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The Unspeakable: Narratives of Trauma

Edited By Magda Stroinska, Vikki Cecchetto and Kate Szymanski

How does a trauma survivor communicate «what can’t be said out loud» to others? In what form? How can we – readers, listeners, viewers – recognize the pain and suffering hidden behind words, pictures, or other artifacts produced by trauma survivors? This volume presents a possible response by bringing together the «expressions of the unspeakable» by trauma survivors and the interpretation of researchers in various fields, i.e. clinical psychologists, linguists, anthropologists, literary and film scholars, historians, and visual artists, some of whom are survivors of trauma. By describing or analyzing different strategies for finding a narrative form for expressing the survivor’s trauma, the contributors offer not only insights into how the survivors dealt with the pain of traumatic memories but also how they were able to find hope for healing by telling their stories, in literature, graphic novels, visual art or simply by creating a personal narrative in their own voice.
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A Trauma in Hiding: The Case of Jules Marchal


Lieve Spaas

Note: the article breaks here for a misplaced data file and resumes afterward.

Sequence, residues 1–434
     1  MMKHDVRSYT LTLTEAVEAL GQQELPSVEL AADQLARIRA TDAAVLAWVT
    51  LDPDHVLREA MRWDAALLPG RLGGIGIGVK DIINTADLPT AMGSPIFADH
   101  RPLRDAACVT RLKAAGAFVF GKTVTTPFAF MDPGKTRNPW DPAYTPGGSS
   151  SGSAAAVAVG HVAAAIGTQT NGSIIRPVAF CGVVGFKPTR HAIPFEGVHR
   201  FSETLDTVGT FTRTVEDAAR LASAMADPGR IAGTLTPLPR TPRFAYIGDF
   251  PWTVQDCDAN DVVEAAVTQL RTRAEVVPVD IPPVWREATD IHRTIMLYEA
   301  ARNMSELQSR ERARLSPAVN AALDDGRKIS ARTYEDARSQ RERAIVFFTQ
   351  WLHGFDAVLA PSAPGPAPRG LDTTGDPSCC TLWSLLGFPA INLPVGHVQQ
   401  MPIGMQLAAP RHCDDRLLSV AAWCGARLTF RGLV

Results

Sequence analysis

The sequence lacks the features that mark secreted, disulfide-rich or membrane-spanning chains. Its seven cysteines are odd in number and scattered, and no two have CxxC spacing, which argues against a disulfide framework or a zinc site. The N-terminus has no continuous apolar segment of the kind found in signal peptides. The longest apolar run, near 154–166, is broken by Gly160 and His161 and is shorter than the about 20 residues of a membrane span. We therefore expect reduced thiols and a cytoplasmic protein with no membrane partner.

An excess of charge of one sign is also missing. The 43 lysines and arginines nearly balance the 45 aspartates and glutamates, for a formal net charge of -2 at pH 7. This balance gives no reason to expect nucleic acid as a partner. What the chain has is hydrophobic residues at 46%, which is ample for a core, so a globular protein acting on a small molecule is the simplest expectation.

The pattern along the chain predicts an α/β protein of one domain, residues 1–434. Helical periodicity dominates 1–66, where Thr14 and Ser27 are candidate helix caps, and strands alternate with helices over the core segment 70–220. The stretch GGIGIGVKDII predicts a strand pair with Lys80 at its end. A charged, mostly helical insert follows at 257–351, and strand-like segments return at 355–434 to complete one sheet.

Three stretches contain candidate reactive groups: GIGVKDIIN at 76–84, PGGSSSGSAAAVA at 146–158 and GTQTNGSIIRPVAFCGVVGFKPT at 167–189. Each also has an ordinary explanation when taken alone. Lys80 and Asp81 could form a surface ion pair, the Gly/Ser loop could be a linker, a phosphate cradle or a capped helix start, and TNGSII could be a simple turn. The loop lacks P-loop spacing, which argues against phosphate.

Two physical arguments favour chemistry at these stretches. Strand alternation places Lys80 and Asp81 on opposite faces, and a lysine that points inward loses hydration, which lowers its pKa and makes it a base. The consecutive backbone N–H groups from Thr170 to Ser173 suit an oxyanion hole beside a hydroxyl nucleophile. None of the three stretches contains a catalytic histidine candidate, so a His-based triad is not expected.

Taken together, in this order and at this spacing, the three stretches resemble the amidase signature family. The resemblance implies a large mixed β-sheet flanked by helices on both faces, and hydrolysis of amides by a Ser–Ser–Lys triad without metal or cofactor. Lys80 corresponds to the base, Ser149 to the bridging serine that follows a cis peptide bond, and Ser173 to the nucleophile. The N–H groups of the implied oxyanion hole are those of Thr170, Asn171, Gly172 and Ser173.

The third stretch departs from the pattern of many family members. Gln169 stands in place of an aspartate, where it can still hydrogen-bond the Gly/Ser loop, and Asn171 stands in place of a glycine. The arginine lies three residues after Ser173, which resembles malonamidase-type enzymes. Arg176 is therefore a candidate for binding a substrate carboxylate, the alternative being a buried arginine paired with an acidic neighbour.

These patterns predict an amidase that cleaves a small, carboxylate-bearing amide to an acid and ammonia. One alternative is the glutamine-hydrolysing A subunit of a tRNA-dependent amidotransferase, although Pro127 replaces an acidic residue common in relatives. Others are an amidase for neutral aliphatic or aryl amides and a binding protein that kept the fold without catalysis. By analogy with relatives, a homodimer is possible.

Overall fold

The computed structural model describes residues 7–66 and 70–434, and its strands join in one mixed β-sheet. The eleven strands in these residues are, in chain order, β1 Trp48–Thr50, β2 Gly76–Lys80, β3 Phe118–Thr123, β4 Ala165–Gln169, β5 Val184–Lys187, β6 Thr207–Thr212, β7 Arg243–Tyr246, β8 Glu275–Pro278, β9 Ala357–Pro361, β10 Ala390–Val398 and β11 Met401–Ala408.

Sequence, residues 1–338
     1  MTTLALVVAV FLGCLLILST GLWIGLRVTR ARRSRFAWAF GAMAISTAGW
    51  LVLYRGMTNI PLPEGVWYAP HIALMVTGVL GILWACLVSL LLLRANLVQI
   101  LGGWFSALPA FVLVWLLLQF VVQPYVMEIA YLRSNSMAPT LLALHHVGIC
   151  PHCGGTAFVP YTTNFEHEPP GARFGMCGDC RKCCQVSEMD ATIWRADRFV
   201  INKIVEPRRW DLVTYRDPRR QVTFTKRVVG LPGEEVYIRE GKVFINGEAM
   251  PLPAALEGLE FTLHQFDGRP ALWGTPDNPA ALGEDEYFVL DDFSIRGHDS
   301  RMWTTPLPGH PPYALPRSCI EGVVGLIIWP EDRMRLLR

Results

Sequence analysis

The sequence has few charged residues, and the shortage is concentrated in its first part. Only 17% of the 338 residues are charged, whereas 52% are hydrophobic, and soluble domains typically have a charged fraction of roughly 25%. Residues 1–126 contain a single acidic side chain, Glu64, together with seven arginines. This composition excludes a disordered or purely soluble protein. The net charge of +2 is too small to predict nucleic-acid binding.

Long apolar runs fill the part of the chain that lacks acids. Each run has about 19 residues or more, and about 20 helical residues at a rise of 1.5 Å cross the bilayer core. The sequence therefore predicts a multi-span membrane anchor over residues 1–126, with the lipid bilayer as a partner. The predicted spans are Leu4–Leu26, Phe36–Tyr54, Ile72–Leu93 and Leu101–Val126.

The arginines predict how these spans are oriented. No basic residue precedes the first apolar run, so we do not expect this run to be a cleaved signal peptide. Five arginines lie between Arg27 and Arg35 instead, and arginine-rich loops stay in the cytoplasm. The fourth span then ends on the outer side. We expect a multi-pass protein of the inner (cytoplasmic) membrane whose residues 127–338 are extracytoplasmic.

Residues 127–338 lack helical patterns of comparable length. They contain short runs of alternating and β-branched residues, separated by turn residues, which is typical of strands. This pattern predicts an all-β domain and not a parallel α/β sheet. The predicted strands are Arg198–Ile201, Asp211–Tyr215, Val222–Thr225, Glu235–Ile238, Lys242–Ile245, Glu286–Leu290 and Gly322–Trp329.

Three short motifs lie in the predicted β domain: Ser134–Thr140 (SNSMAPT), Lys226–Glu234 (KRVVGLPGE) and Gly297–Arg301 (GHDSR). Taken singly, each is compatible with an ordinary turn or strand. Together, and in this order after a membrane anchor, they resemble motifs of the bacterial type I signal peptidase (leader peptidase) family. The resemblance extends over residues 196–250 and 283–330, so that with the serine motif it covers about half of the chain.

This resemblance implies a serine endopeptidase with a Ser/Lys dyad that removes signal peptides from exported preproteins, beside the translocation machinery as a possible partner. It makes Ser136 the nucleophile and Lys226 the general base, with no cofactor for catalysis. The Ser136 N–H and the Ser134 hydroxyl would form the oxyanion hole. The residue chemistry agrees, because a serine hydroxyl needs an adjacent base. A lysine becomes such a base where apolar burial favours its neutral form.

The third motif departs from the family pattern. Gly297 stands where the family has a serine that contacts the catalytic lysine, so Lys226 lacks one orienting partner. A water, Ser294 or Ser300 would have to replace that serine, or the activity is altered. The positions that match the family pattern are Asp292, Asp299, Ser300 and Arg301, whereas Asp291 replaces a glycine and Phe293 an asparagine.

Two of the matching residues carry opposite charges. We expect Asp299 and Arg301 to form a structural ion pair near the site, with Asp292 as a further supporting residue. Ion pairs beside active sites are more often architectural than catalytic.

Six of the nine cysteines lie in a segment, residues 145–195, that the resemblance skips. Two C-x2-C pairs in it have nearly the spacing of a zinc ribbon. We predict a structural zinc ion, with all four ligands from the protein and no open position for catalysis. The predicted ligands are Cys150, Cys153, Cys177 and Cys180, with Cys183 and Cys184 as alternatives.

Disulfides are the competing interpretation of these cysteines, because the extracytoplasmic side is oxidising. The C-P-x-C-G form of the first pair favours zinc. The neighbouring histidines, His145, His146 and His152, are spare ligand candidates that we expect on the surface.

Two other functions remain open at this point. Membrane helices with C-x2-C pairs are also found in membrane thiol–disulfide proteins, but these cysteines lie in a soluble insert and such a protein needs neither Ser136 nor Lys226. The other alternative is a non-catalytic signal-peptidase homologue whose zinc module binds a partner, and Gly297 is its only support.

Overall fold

For the duration of his appointment as District Commissioner, first in the Belgian Congo (1948–1960), then in the independent nation of Congo/Zaire (1960–1967), Jules Marchal was not aware of the atrocities that were being committed against the population. It was not until the 1970s when he became Belgian Ambassador to West Africa, that he was confronted with ‘Congo’s dark history’. His case is poignant in that he never overcame the trauma of having worked as a District Commissioner in the Belgian Congo and being unaware of the ‘Congo atrocities’. He spent the years from 1975 to his death in 2003 researching and publishing the history of Belgian colonization of the Congo. In Lord Leverhulme’s Ghosts: Colonial Exploitation in the Congo and in his multiple volume history of the Belgian presence in the Congo, he sought to expose the massacres and forced labour used as tools of subjugation.

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